The Roundup

Some summer bounty from our garden this year

Fall is here so it’s time to dust off the crock pot. Crockery Pot Cooking offers a huge array of recipes to try in your slow cooker.

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The New Neighborhood

In front of our house looking east down our road

Along the two mile stretch of our gravel road from the county highway on our east until the first cross road to our west, there are seven acreages. That leaves much room between neighbors, but not so much that you don’t know each other. The first neighbor to give us a welcome and introduce himself and his young son gave us some sage country advice, “Out here we are friendly, but we like to be left alone.” Last year we were visited by another one who has an art degree, works at a local co-op, and helps run a custom jewelry business with his wife. Yet another works as a physical education teacher, and the other two are a cattle rancher and the crop farmer who owns almost all the land around the rest of us. On the property closest to us to the east the house is gone. The out buildings survive and the family keeps it up, mows, and the yard light still burns at night, but no one lives there. What used to be the eighth acreage was sold a few years ago, all the outbuildings removed, and now corn grows where the yard was. The only clue that anything but crops ever existed there is the short, weedy gravel driveway approach from the road, and the four digit house number sign leaning next to it on a post. There are two streams that wind through the area and cross under our road at either ends of our two miles. A cemetery with a couple hundred graves sits on a hill overlooking our road and one of the streams. The oldest burial I have found dates from 1881. Usually the vehicles on the road belong to local folks going to and returning from jobs, giving a wave if they see you in the yard. The traffic will soon increase to a steady stream of farm equipment, bringing in the fall harvest.

Website Review: National Weather Service

I have been using the National Weather Service website for years now. It is part of my morning routine to check the weather and the news before I begin my day. Just enter your zip code for your local forecast. The site also offers radar, weather records and education, alerts and safety information. I have sampled other weather sites over the years and the NWS has the most accurate weather information and forecasts I have found on the web.

Spicy Summer Salsa

Some salsa recruits from our garden

Since we finished moving to the country last winter this is our first garden out here. We planted in a freshly tilled section of the yard and the results have been almost unbelievable. We have put up 12 quarts of tomatoes so far and we should easily be able to at least double that while also making stews, soups, spaghetti, chili and salsa. All that from seven plants. I am going to make my third batch of salsa this weekend and thought I would share the recipe. As usual, I don’t measure the ingredients, so flavor to your taste.


Celery, diced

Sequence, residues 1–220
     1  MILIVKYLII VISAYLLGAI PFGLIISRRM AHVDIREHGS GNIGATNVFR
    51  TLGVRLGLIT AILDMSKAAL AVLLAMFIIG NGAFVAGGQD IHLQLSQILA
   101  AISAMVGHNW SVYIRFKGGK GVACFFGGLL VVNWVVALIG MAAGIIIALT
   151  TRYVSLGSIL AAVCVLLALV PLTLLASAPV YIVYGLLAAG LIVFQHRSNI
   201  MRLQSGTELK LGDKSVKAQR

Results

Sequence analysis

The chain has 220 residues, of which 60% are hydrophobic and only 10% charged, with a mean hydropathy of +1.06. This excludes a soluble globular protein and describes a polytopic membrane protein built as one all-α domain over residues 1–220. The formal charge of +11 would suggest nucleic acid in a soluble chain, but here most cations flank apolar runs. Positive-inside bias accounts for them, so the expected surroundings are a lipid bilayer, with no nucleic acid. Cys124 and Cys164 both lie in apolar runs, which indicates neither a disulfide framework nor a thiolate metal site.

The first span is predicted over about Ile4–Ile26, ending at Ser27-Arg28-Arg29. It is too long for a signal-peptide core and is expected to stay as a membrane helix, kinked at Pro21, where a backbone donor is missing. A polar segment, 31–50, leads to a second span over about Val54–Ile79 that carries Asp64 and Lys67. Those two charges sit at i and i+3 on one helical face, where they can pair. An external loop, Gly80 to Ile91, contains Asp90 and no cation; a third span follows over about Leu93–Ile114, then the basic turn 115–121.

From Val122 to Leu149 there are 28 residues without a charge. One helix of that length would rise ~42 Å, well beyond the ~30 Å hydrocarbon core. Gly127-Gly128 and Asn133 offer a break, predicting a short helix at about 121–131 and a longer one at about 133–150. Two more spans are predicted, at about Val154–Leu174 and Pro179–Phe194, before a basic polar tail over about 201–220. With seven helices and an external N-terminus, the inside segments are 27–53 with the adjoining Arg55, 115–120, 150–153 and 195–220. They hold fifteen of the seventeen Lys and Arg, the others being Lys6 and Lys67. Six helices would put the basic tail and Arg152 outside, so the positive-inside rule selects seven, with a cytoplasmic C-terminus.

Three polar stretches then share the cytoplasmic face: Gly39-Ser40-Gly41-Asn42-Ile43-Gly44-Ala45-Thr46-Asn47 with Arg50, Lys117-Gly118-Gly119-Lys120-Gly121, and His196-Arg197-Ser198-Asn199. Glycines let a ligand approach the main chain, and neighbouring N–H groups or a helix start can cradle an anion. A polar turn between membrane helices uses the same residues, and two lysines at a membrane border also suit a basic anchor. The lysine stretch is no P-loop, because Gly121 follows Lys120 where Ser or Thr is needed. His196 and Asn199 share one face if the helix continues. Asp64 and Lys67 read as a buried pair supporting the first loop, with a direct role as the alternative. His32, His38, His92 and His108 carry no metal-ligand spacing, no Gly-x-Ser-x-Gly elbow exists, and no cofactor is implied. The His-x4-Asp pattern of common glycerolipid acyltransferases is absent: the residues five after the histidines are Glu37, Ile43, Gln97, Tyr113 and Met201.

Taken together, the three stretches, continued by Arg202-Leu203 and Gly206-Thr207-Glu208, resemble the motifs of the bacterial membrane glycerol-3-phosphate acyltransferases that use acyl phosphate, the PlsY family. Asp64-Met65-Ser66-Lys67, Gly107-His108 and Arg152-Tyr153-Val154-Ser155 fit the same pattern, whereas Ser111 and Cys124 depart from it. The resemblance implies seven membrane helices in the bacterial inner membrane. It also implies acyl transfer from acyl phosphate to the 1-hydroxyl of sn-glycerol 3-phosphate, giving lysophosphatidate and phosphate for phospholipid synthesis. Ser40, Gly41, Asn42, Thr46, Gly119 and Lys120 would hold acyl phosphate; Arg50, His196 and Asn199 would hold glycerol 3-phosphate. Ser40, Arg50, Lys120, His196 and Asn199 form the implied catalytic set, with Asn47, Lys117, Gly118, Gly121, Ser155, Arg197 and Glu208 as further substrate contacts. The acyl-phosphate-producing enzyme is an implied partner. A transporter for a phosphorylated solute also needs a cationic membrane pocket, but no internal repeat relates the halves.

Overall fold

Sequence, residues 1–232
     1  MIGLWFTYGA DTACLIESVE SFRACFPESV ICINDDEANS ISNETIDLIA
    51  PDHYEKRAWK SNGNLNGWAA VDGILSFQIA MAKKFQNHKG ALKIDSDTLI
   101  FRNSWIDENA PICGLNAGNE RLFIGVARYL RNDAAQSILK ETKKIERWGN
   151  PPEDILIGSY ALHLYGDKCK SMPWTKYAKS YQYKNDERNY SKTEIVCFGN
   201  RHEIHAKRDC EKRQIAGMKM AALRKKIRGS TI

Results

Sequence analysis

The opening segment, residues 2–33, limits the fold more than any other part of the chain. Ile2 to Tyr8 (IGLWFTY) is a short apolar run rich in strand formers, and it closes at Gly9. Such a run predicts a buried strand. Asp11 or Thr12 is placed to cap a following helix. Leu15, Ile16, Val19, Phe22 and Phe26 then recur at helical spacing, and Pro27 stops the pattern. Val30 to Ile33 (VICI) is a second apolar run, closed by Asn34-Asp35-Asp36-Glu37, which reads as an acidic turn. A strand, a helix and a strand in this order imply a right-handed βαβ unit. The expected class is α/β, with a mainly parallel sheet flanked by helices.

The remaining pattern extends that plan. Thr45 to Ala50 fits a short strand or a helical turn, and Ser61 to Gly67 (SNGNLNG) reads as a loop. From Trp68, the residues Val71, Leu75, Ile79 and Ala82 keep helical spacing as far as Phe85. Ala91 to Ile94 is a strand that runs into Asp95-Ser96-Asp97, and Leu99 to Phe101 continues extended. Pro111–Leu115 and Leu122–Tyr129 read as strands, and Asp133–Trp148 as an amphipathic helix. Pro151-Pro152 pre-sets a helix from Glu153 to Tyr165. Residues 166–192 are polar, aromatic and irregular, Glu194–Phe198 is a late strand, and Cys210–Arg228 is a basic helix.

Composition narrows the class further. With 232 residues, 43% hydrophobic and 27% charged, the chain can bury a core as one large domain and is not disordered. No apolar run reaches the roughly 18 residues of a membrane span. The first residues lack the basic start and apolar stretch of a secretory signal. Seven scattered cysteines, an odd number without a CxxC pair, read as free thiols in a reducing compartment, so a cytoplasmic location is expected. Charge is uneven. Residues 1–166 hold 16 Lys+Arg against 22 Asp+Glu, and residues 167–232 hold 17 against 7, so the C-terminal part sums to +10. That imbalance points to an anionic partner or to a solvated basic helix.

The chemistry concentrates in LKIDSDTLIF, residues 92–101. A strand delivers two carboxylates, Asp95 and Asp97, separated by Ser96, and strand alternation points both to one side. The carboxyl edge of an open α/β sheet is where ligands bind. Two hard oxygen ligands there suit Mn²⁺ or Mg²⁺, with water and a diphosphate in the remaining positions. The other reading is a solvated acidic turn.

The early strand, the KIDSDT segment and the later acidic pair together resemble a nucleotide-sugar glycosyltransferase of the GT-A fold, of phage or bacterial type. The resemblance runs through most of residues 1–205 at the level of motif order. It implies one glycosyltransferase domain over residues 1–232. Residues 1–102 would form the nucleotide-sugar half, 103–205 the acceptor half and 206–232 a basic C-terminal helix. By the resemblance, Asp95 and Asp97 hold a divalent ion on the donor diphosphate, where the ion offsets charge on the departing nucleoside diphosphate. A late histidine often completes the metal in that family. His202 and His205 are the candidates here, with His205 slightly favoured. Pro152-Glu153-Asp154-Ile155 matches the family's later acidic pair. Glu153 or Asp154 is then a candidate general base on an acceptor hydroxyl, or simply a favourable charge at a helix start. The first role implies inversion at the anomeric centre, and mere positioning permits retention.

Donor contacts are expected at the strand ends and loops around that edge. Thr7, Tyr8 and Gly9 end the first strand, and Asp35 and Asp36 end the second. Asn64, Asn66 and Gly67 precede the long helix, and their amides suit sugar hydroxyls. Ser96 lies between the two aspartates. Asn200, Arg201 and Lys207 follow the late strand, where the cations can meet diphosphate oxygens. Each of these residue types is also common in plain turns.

Green onions, sliced

Tomatoes, diced

Garlic cloves (I use a hand held garlic press)

Green peppers, diced

Jalapeno peppers, diced

In a mixing bowl stir together all the above ingredients then add:

Basil, salt and pepper, cilantro, parsley, paprika, oregano, Tabasco, cayenne pepper and cumin. Stir well then chill or serve at room temperature with tortilla chips.

This version is chunky. If you prefer more juice, puree some tomatoes and a scoop or two of the salsa together, and add back to the bowl.

Massacre at Mountain Meadows

A depiction of the massacre

I recently finished reading a book on a very disturbing episode in U.S. History. Massacre at Mountain Meadows was written by Ronald W. Walker, Richard E. Turley, Jr. and Glen M. Leonard and published in 2008. The book centers on the circumstances leading up to and including a Mormon and Indian attack on a wagon train in Utah Territory. The authors were given access to LDS archives and also combed through primary sources to assemble this well researched and engrossing work. After giving a through look at the history of the Mormons up to that point in history the events chronicled mainly involve Mormon settlers living in the Utah Territory, some Paiute Indians, and emigrants passing through on their way to California. A wagon train of around 120 men, women and children, mostly from Arkansas, is traveling through the Territory in 1857. They stop to rest and refresh at Mountain Meadows, a well known area on the trail. For a variety of reasons including the Mormon history of persecution by others, suspicion of outsiders, and a fear at the time of an invasion and war with the U.S. Army, the wagon train is attacked on September 7 by a Mormon militia and some Paiute Indians. The emigrants circle the wagons, dig in and fight back for five days. On the 11th the militia approach the wagon train under a flag of truce and deceive the emigrants into surrendering. Given the title of the book one knows what the ultimate fate of the emigrants will be, but the description is still heartbreaking to read. Only one man was tried and convicted, 20 years later, of mass murder. He was hauled back to the site of the massacre and executed by firing squad.

The Roundup

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